MIA CARNEVALE/THE VARSITY

Imagine you are an athlete competing in the Mount Everest Marathon, one of the longest endurance races in the world. Before you even start the race, you must navigate for countless hours through uncharted territory, hungry and out of breath. Race day arrives, and you are expected to be at your peak performance to start your run. Sounds daunting, doesn’t it? Now imagine you are running because your life depended on it.

This scenario is similar to the life-saving race that kidneys go through after they are harvested from donors and are awaiting transplant. Fortunately, a team of Toronto doctors found a way for these organ-athletes to start the race strong and full of energy before transplant day.

The Varsity had a chance to speak with Dr. Markus Selzner, a leading transplant surgeon from Toronto General Hospital and Associate Professor in U of T’s Department of Surgery, about this new life-saving method.

With collaborators from the University Health Network, Sick Kids Hospital and support from the Canadian National Transplant Research Program, it took about five years of research to develop the ex-vivo machine. Named for the Latin term meaning ‘out of the living,’ the machine can mimic the environment inside the human body to keep organs healthy before transplant.

In contrast, standard transplantation procedure involves removing kidneys carefully from a body’s balmy internal temperature of 37 degrees and cooling them down to about four degrees. This cooling slows the kidney’s metabolism and keeps them viable for a maximum of 30 hours before transplantation. These cooled kidneys are in a ‘sleepy’ state, which requires dialysis until it can be transplanted.

The ex-vivo machine blends old and new techniques by combining the traditional heart-lung bypass machine with customized tubing that is adapted to maintain optimal flow of the kidney’s smaller blood vessels. A series of interconnected tubes and mechanical pumps carry a solution of nutrients including amino acids, oxygen, glucose, antibiotics, and drugs to treat and relax the kidney in preparation for surgery. “The key is what’s in the fluid. It’s like cooking a soup, you want to get every ingredient right,” said Selzner.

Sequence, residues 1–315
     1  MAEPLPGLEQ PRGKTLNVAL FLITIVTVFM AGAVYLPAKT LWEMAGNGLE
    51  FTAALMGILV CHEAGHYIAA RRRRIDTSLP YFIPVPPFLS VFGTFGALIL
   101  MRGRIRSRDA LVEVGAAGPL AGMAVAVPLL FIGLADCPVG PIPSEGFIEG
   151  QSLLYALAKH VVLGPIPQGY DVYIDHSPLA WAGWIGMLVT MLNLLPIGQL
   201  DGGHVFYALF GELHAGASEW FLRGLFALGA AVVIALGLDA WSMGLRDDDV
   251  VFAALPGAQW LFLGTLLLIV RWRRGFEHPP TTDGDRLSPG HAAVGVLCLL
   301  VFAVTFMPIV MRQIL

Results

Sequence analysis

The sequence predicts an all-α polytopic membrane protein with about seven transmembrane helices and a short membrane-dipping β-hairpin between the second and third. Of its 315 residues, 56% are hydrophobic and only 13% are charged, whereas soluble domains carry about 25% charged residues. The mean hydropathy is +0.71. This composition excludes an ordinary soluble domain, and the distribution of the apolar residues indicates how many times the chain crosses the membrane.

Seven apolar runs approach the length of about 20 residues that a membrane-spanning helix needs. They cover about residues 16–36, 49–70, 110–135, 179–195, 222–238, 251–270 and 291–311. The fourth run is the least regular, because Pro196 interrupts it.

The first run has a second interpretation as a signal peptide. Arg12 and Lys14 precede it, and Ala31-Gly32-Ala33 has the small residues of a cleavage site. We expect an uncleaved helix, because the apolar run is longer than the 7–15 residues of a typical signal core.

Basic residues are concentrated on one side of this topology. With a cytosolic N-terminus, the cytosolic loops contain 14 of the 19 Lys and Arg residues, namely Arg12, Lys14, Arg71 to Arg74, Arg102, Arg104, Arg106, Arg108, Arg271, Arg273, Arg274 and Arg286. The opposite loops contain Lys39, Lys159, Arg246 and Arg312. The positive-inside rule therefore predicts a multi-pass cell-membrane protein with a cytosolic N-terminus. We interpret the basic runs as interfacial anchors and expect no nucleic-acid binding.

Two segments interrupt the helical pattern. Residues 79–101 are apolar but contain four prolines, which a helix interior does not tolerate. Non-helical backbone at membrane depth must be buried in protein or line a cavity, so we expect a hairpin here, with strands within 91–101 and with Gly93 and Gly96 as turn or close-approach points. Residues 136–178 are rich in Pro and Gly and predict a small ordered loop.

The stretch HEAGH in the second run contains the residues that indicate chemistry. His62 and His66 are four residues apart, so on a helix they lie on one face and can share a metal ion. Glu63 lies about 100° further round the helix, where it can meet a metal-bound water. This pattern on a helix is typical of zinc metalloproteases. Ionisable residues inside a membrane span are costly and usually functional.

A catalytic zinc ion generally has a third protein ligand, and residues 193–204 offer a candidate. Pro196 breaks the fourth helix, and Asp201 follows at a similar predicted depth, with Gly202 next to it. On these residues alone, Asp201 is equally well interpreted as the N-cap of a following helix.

The goal of the device is to preserve and rejuvenate less-than-ideal kidneys by mimicking the “normothermic” or normal temperature inside the body. “We keep the kidney warm, perfused with oxygen and nutrition, so we pretend that the organ is still in the body… and it works at this time,” said Selzner.

In Canada, kidneys are the most frequently transplanted solid organ, but the need for this organ exceeds the supply. These kidneys go through rigorous analysis and only the most healthy organs are chosen to ensure success for the patients receiving them. Selzner hopes that by meeting this demand through rejuvenating less-than-ideal kidneys, countless individuals will be given a new lease on life.

Selzner has an optimistic outlook of what is to come and emphasized the importance of collaboration between research and clinical teams to advance life-saving technologies. Selzner is part of the team seeking new applications for this technology including rejuvenating other organs like the liver, pancreas, and heart.

In the long term, he is hoping to create a central hub or repair center for organs which would involve organs being docked and actively analyzed for up to date information on how well it works pre-transplant. This would be an significant advancement in accessibility and availability of organs for transplant.

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